You know you’re having an MVP-caliber season when your “clunker” game consists of 388 passing yards, another 84 on the ground, and three touchdown passes en route to generating 34 points on offense.
In other words, not a clunker at all, by most standards. But Seahawks quarterback Russell Wilson had raised the bar to the point where anything less than near-perfection would be a comedown. He also mixed in three interceptions in last week’s loss against Arizona, including a crucial one in overtime, that took his Most Valuable Player runaway express train just slightly off track.
The good news for Wilson and the Seahawks is that it was hardly a disastrous performance, and one that will be long forgotten if he returns promptly to the record-breaking pace that preceded it. Wilson’s Pro Football Focus grade, despite slipping to a still-solid 87.2 for the Arizona game, remains at a scorching 94.9 overall for the season, best among all NFL quarterbacks. He’s also on pace for 59 touchdown passes, which would shatter the NFL record of 55 by Peyton Manning with the 2013 Broncos.
The better news, entering Sunday’s showdown with the San Francisco 49ers, is that Wilson’s response to in-season losses has historically been epic. He is 31-8 in the following games, the best for any quarterback since the 1970 merger.
“I think the great teams find ways to come back stronger than the last time they played,” Wilson said Thursday during a Zoom video call with reporters. “You know there’s going to be highs, and there’s going to be lows throughout the season. But I always expect way more highs than lows.”
But maybe the best news this week for Wilson’s MVP hopes — which are inextricably linked to the Seahawks’ win-loss record, if history is any indication — curiously happened in a realm where Wilson does not abide.
Namely, the acquisition on Wednesday of defensive end Carlos Dunlap from Cincinnati, Seattle’s latest attempt to correct what has been a potentially fatal flaw for the Seahawks’ title hopes. No need to delve too deeply into the raw numbers, other than to say that if Seattle’s pass rush doesn’t improve dramatically, it would be exceedingly hard for the Seahawks defense to move off its record-breaking pace of yards allowed.
So how does all this impact Wilson and the MVP? Glad you asked. The Seahawks lived dangerously in racking up a 5-0 record despite the defensive woes, then were finally exposed against Arizona, the best team they had faced this season. Coach Pete Carroll has expressed the notion that Wilson was maybe trying to do too much as explanation for at least one of his interceptions — understandable when you have watched your defense give up 479 yards a game.
If the defense doesn’t improve, the Seahawks will be exposed again, particularly in this rugged stretch that includes Buffalo, the Rams, and then Arizona again, with return games against the Rams and 49ers looming at the end of the season.
If there’s one thing that correlates most closely with winning the Most Valuable Player award, it’s winning games. In the previous eight years of Wilson’s career, in which he infamously has not received a single MVP vote, the winners of the award played on teams that averaged 13 victories that season.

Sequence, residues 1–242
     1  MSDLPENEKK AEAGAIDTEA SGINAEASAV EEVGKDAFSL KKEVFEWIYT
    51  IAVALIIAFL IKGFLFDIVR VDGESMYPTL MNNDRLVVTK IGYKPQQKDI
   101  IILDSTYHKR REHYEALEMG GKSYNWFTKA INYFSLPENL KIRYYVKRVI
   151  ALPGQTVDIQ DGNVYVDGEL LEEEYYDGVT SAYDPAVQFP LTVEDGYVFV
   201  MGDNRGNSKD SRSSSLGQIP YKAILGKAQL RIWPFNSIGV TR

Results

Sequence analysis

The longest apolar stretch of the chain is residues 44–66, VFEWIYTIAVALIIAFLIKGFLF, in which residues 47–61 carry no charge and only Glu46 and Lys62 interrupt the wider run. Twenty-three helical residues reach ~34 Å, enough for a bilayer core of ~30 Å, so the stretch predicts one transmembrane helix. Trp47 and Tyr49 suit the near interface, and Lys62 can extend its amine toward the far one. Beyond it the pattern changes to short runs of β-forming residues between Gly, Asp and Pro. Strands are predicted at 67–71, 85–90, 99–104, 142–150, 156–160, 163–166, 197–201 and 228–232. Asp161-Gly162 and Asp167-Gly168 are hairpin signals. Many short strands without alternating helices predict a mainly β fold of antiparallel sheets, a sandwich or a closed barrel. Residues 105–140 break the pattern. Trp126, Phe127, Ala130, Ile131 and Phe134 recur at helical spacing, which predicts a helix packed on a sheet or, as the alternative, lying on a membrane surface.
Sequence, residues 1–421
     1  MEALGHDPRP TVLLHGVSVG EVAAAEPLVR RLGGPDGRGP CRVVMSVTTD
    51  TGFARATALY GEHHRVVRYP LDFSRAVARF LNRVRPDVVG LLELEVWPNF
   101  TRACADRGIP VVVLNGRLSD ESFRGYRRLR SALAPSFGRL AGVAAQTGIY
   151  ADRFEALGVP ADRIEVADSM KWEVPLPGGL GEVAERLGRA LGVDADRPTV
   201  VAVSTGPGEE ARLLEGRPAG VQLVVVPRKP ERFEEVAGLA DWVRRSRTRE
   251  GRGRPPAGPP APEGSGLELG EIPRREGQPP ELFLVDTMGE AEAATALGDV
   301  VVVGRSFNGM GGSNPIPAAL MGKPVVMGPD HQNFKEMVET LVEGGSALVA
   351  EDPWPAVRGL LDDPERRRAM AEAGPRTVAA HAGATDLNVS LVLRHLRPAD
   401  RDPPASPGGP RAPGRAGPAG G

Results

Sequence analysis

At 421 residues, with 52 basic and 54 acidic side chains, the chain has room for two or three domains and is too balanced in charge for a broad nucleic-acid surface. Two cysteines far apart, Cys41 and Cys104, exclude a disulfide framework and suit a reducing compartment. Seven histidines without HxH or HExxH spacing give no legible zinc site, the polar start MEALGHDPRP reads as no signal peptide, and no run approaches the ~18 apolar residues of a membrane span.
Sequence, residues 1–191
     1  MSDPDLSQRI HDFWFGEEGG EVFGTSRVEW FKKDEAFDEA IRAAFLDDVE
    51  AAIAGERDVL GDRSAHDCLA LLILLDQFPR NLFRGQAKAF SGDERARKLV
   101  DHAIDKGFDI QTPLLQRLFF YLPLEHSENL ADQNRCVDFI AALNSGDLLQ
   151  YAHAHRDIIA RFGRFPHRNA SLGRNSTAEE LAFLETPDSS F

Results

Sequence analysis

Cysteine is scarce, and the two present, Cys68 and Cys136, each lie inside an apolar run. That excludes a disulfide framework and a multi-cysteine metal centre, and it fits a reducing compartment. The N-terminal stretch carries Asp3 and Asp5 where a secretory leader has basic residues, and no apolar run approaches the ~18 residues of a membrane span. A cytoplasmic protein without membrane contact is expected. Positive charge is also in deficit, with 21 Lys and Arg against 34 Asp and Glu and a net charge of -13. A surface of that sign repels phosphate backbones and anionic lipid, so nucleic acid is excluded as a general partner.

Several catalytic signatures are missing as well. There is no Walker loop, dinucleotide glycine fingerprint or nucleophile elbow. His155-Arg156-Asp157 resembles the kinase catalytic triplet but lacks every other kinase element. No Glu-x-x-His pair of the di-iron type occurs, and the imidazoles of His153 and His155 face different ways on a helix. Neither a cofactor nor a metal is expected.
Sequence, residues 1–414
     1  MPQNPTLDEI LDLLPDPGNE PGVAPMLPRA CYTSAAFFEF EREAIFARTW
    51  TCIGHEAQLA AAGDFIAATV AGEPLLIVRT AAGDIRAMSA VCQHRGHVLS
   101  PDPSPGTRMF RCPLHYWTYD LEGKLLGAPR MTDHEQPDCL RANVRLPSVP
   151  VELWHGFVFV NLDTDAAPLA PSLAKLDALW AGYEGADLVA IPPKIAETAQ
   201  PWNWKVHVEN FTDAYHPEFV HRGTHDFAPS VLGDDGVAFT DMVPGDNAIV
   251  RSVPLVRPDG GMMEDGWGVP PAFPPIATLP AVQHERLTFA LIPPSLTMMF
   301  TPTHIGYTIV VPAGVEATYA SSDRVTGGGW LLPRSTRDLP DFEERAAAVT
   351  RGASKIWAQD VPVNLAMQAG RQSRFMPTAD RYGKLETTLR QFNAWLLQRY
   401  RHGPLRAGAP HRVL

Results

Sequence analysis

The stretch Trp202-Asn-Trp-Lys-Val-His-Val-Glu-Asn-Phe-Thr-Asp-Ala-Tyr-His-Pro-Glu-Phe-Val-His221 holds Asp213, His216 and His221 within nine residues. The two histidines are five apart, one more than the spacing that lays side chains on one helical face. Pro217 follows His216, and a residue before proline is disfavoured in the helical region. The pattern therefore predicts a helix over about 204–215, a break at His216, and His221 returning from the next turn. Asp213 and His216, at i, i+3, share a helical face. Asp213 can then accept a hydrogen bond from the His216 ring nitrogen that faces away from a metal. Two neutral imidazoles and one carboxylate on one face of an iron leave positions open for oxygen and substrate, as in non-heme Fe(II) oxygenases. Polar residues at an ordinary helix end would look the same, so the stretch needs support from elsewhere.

The worst of the bunch was the 10-6 record by the Vikings when Adrian Peterson was crowned in 2012 — but that was mitigated by a near-record 2,097 rushing yards by Peterson that was impossible for voters to ignore, particularly with Peterson coming off major reconstructive knee surgery.
For Wilson to finally put the MVP on his résumé, he probably needs to have the Seahawks rack up 12 or 13 wins. And the acquisition of Dunlap — which Wilson termed “huge” Thursday — should give a major boost to the defense when he’s eligible to play next week. And when you possess a powerhouse offense like the Seahawks do, they merely need to ascend to “average” on the other side of the ball to set themselves up for that kind of win-loss record.
It’s kind of a fine line, when you think about it. The worse the Seahawks defense is, the more heroic — the more valuable — Wilson appears when he is able to lead them to victories anyway. But that formula could blow up in their faces, too, if teams keep racking up massive amounts of yards.
Asked Thursday how good he thinks the Seahawks defense can be, once it is at full strength, Wilson replied, “I think our defense can be great.”
Wilson pointed out what he called the “timely” plays the Seahawk defense has made in key situations to preserve wins against the Patriots, Cowboys and Vikings, as well as the goal-line stand against Arizona on Sunday. And he noted that not only will Dunlap’s addition help, but so will the eventual return of safety Jamal Adams, who provided a major impact before missing the past three-plus games because of a groin injury. The Seahawks have barely had their highly touted secondary together en masse this season.
“I think the biggest part is just us all coming together all at the right time,” Wilson said, “and all meshing together, in terms of on the field; we’re meshing together as teammates, but what I mean is that the whole picture comes together, all at the same time. That’s going to be really special when that happens.”
Special for the Seahawks, and in a roundabout way, special for Wilson, too.